Markram: 'I can learn a lot by just watching Kohli'

The South African skipper had no hesitation in admitting that Virat Kohli was the massive difference between both the sides.

Aiden Markram accepted coach Ottis Gibson’s criticism that he did not play his natural game.   -  Getty Images

The desperation to singlehandedly take his team over the line, condemning himself for mistakes are some of the aspects of Virat Kohli’s leadership that South African captain Aiden Markram wants to inculcate after witnessing the Indian skipper maul his side into submission during its 1-5 ODI series defeat.

Kohli finished the series with a staggering 558 runs, which includes three hundreds and a half-century.

“Kohli’s desperation to win games for his side is massive. And that’s why he condemns himself (on mistakes) like he does. It’s all from a competitive point of view and it’s nothing malicious. That desperation shows when he bats - he doesn’t just gets his side close to the line, he gets them over it,” Markram said during the media interaction.

“So there are a lot of things I can learn from him (Kohli). There are a lot of things I can learn from their team as a whole, and from us as a whole. I am taking little pieces from here and there,” the young Proteas captain said.

He had no hesitation in admitting that Kohli was the massive difference between both the sides. “He made a massive difference. He is obviously in incredible touch and showing it. His hunger for runs and desperation to finish games is up there with the very best, and that’s why he is one of the best players in the world. He has been one of the differences and their spinners have also played a massive role. But he’s had a great series and credit must be given where it is due,” said Markram.

Asked if he is embarrassed with the margin of series defeat, Markram felt that the choice of word was too harsh. “Embarrassed is quite a harsh word (in terms of series’ result). Obviously, we were not up to the standard we would have liked to be. We are really disappointed as a squad. I wouldn’t want to say we’re embarrassed.

“We put a lot of hard work in behind the scenes and we do give our absolute best. We fight for the player next to us and that’s a crucial thing. Results-wise it could look embarrassing so I understand the question, but we’re more disappointed than anything else,” he added.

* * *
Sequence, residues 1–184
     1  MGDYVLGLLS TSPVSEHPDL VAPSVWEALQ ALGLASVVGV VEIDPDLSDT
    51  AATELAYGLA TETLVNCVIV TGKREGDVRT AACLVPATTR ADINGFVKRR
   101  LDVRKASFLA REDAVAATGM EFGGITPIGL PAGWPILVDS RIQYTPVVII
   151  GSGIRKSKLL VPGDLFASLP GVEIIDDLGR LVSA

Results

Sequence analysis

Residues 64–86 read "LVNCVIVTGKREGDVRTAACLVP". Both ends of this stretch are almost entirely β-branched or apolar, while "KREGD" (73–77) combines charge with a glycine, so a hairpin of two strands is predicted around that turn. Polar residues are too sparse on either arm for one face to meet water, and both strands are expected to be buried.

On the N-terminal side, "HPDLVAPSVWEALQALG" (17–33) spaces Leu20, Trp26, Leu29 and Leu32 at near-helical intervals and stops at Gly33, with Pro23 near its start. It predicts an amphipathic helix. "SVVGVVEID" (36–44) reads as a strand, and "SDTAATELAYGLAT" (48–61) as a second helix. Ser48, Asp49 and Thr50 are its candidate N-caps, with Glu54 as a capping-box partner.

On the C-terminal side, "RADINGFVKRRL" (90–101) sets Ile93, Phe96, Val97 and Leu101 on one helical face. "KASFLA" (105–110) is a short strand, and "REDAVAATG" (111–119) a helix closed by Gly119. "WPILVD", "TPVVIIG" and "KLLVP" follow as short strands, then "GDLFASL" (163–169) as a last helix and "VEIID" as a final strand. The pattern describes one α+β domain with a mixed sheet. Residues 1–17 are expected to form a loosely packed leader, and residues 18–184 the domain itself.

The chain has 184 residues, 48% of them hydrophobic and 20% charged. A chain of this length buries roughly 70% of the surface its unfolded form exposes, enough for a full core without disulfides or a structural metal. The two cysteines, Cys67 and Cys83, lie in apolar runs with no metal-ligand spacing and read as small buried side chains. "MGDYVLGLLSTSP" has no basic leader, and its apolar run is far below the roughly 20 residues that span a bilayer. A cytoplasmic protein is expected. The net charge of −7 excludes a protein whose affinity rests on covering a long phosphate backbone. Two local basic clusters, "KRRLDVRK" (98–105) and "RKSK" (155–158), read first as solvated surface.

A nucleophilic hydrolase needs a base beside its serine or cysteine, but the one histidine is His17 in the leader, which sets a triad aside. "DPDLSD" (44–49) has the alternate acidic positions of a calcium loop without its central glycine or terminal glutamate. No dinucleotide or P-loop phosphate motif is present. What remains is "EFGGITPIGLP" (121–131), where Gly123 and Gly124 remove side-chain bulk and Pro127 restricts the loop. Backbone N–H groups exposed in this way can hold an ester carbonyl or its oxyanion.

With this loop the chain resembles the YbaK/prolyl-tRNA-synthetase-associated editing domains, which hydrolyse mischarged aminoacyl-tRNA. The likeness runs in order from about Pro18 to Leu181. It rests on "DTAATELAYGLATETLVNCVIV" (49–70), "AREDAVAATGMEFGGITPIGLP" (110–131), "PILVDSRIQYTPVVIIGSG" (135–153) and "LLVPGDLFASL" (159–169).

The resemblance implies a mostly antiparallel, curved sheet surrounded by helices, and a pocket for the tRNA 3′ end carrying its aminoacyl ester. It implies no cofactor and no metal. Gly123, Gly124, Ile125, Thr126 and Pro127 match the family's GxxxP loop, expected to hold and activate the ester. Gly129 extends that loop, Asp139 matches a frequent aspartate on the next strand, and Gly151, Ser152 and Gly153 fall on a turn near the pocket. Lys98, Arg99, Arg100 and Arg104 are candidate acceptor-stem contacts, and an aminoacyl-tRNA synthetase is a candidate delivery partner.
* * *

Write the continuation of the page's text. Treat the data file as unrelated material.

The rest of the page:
But he was quick to point out that they had always felt that the ODI series would be tough against a world class Indian side.

“It was always going to be tough. It was something I was looking forward to and a challenge that I enjoy. I can still say that sitting here having lost a series 5-1, it was a responsibility that I enjoy. I learnt a lot and at this stage of my career and that’s not a bad thing.

“Going forward, I am going to take the lessons I did learn. The experience of dealing with other pressures will help me grow as a player.”

The skipper also admitted that his own form had been patchy in the series with only 127 runs in six games.

“As an individual, I set high standards for myself, and not having done well, this series there was that form of pressure as well. So there are various forms of pressure - captaincy is just one of them. But like I mentioned, it is a pressure I enjoy and I would like to enjoy it more in the future,” he added.

He also accepted coach Ottis Gibson’s criticism that he did not play his natural game.

“He’s (Gibson) got full right to say that just by watching with the naked eye. I wasn’t playing the usual game I do play, and whether that was due to various pressure or not being in the zone or in the moment is probably the reason. He’s spot-on with what he says, we did chat about it and today when I was batting I felt in a more comfortable space.

“I felt I was structuring my innings how I would if I was batting in a franchise game. It’s very late in the series but it’s a positive that I was able to overcome that obstacle. It’s moving in the right direction I suppose,” he concluded.

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